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COUNTY AUDITORS DISCUSS VOTER ID

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Four county auditors were invited to discuss their thoughts on the Secretary of State's Voter ID proposal at the House State Government Committee earlier this month.  The auditors represented a mix of Republican/Democratic and rural/urban views, and all opened by saying they were expressing their own personal opinions about the Secretary fo State's proposal (House Study Bill 93). 

All four auditors attending - Dennis Parrot (Jasper County), Ken Kline (Cerro Gordo County), Heidi Burhans (Madison County), and Travis Weipert (Johnson County) - said they have never had problems with voter impersonation at the polls and felt that Iowa's election system is secure.  None said a voter ID bill is needed, but almost all said they will support the Secretary of State's approach because it is the least likely to affect voter participation.

As Jasper County Auditor Dennis Parrot said, "I believe 100% there will be a voter ID bill passed this year, so I want the best we can get."  He added that this is why he is going to support the Secretary of State's bill, saying that while he has philosophical concerns about voter ID, he does not have administrative concerns.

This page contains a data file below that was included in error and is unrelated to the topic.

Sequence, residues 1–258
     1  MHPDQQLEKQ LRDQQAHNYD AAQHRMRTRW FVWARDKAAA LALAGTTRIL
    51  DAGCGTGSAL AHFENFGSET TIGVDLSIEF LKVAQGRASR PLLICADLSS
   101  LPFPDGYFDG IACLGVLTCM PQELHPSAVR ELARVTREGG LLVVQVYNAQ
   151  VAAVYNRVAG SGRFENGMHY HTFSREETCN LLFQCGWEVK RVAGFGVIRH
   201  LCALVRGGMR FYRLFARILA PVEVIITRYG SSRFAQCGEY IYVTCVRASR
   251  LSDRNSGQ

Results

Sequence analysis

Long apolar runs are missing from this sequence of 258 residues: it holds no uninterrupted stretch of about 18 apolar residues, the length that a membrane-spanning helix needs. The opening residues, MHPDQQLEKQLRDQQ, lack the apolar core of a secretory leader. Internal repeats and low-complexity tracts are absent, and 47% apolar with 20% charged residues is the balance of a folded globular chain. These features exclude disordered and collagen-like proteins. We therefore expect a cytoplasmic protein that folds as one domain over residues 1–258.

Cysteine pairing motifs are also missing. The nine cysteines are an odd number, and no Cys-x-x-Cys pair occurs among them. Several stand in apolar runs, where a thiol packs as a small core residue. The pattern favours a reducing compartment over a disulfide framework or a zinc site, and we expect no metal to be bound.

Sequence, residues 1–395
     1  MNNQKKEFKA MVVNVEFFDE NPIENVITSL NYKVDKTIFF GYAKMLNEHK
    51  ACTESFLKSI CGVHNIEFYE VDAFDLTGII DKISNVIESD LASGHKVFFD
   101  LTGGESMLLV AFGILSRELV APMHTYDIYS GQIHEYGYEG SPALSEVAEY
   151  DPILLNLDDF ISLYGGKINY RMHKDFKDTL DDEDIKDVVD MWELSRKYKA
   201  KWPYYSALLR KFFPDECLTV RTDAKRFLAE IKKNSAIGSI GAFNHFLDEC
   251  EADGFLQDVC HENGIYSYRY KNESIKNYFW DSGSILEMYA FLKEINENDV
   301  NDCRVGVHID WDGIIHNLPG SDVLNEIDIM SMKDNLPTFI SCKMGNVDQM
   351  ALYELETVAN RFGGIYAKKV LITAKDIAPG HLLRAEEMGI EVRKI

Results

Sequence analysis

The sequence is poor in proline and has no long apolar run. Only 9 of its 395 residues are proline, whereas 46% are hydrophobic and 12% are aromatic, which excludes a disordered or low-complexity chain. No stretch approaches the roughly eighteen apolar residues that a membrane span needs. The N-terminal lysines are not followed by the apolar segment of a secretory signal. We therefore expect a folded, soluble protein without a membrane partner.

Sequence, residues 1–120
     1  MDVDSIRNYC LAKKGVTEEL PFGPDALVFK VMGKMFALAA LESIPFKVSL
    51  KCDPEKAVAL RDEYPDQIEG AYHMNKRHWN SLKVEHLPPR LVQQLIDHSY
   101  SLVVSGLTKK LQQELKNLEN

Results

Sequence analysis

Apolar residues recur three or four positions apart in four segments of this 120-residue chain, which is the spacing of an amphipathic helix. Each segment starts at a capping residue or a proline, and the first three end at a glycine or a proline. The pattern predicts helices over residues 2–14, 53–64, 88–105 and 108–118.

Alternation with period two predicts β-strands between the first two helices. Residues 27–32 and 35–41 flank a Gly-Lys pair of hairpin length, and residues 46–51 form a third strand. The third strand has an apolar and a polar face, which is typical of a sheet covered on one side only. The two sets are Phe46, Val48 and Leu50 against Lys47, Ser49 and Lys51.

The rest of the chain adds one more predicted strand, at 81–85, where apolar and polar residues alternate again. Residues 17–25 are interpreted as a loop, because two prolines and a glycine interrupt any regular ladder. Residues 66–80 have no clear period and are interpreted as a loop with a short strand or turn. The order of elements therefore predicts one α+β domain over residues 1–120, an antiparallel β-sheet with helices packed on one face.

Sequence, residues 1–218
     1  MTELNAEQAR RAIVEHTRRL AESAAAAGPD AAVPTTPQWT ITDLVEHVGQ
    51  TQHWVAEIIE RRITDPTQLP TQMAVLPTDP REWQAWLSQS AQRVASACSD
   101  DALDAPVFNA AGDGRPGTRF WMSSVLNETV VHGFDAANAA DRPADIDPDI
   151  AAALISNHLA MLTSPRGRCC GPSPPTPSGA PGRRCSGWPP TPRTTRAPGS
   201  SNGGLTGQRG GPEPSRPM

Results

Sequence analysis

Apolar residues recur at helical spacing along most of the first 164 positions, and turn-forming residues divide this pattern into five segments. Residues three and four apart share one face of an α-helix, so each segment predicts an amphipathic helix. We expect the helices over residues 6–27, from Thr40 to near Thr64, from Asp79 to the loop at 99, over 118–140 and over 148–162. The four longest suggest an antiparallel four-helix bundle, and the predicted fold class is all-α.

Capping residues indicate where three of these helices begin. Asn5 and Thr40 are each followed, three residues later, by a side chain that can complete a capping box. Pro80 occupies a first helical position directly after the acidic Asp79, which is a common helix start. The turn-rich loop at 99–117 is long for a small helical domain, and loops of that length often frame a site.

Cerro Gordo County Auditor Ken Kline added that all other voter ID proposals have one weakness - none have addressed mailed-out absentee ballots.  “It’s the least secure part of our voting system," he said, because there is no in-person review of absentee voters like there is when voting in person.  He said all voter ID bills to date have “secured the house, but left the back door wide open.” He added the Secretary's proposal is the first bill that closes this loophole.  “If we want to secure elections, that’s the first place to address,” said Kline, who also expressed support for the Secretary of State's approach.

Madison County Auditor Heidi Burhans emphasized the need for all 99 counties to use electronic poll books (called e-pollbooks), which replace the reams of paper used for paper poll books.  E-pollbooks are used in 72 counties, but not in all precincts in those counties.  E-pollbooks allow a voter registration card or other ID to be scanned (using the bar code), which makes the process of voting much faster, and eliminates a lot of pollworker decision-making (and therefore bias).  She did say that funding is needed to help counties purchase the equipment and software for e-Pollbooks, and to pay for upgrades in areas that already have the basic equipment. 

Johnson County Auditor Travis Weipert noted that he is also concerned about a requirement for post-election audits in the Secretary of State's bill, "It’s a burden to auditors, it’s an unfunded mandate, and it’s something else our taxpayers will have to pick up.” 

Legislators asked if there were many instances of voter fraud (all said no) and if voter misrepresentation was a big problem (also a no).  Organizations currently registered against HSB 93 include: Iowa Association of County Auditors/Iowa State Association of Counties (because there isn't enough funding avaiable for e-pollbooks or audits),  ACLU-Iowa, and League of Women Voters of Iowa. No organization is registered in support at this time.